Gold Rush!? Poe and 1849
This panel follows the occasional tradition of examining Poe’s life and works in an Eastern Seaboard city where he once lived and wrote that happens to be hosting the Modern Language Association’s annual convention, but with a West Coast slant as the MLA gathers in a land that Poe called “Eldorado.” Synonymous with the California Gold Rush, 1849 was also the year of Edgar Allan Poe’s mysterious death. 1849 was a productive year for Poe. He published five stories—“Mellonta Tauta, “Hop-Frog,” “Von Kempelen and His Discovery,” “X-ing a Paragrab,” and “Landor's Cottage”—and six poems: “A Dream within a Dream,” “Eldorado,” “For Annie,” “To My Mother,” “Annabel Lee,” and “The Bells” (the latter two were published posthumously but remain two of Poe’s most popular poems in the twenty-first century). This session hopes to pay serious attention to these last works by Poe and to his final year of life. It also hopes to take place in a physical room (for the first time since the MLA convention in Seattle in 2020) in the beautiful city of San Francisco!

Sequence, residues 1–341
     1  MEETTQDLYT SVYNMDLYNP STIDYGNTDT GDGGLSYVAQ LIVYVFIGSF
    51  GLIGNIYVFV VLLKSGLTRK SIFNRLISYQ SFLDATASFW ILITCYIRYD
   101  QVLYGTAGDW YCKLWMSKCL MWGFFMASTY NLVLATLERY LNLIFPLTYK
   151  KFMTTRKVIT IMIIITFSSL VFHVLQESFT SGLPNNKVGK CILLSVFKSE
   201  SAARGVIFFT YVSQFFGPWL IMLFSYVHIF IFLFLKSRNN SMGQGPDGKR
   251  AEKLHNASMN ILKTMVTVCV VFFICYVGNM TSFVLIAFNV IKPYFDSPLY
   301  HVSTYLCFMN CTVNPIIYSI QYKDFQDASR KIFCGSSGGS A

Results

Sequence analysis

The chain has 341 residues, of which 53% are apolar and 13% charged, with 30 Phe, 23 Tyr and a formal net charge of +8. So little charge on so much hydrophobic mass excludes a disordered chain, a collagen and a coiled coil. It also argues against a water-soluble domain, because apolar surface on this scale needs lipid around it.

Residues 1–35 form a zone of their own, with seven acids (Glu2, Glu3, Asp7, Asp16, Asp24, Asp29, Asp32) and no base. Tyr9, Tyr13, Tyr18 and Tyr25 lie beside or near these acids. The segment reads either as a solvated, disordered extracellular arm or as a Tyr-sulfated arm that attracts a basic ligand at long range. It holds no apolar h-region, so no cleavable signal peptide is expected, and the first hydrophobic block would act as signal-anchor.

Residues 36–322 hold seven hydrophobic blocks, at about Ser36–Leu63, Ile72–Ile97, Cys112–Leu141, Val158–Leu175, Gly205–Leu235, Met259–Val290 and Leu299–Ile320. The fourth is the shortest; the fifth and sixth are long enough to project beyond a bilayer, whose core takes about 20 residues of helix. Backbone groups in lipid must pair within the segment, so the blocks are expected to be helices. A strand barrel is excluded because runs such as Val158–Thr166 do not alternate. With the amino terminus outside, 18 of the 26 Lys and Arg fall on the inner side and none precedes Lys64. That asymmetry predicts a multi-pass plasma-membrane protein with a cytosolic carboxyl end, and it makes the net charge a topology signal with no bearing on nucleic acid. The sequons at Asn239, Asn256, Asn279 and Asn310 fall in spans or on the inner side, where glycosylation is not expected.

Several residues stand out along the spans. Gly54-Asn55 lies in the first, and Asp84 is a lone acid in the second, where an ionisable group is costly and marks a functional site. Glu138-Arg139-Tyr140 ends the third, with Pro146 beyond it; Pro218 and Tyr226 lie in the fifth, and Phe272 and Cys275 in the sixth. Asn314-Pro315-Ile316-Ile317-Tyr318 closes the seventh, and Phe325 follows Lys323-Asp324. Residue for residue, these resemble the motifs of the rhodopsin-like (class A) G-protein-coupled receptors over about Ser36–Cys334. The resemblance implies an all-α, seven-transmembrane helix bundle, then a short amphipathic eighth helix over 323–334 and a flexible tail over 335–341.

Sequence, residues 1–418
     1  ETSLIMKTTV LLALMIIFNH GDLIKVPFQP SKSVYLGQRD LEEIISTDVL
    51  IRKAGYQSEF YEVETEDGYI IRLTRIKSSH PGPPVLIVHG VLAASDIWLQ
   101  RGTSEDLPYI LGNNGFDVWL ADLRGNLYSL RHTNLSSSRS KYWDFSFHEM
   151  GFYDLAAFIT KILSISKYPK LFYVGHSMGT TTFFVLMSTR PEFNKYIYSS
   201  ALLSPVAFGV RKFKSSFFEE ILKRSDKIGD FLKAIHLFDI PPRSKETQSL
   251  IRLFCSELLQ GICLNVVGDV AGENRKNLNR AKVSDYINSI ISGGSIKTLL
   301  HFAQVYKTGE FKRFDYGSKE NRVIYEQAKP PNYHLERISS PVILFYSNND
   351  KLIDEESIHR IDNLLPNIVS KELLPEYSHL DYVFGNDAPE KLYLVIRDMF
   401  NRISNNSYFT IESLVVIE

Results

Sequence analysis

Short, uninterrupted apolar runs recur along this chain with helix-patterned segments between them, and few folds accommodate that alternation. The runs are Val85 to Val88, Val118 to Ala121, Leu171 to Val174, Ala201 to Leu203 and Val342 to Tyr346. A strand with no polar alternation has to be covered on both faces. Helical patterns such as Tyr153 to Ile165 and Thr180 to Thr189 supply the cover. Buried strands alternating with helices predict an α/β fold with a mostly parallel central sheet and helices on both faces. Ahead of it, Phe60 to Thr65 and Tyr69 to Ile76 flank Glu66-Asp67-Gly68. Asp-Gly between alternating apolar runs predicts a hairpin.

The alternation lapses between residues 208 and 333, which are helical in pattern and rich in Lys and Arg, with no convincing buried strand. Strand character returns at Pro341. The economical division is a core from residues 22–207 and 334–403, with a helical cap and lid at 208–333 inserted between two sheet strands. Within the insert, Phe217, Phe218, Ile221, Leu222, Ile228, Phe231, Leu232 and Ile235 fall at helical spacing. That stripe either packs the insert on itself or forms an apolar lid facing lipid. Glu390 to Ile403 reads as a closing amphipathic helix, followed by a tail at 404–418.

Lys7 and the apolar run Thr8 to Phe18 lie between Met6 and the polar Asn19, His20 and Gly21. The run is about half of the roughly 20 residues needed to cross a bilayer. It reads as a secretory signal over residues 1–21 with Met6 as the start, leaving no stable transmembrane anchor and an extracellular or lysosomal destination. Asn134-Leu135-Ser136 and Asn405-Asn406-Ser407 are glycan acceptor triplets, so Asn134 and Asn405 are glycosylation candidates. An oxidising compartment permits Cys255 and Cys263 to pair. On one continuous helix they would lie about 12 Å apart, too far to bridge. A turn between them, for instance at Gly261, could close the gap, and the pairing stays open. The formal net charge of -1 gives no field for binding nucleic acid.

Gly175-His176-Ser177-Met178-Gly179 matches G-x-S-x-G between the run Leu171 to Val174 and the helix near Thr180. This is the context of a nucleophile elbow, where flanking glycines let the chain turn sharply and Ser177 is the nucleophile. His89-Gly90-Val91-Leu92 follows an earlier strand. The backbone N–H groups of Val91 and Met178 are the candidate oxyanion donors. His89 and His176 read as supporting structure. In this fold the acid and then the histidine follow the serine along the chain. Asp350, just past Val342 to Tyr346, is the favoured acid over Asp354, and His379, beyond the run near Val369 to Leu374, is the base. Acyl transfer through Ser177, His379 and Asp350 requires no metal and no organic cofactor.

Send 250-word abstracts and 1-page CVs to email@example.com with the subject line “Poe and 1849” by March 15, 2022.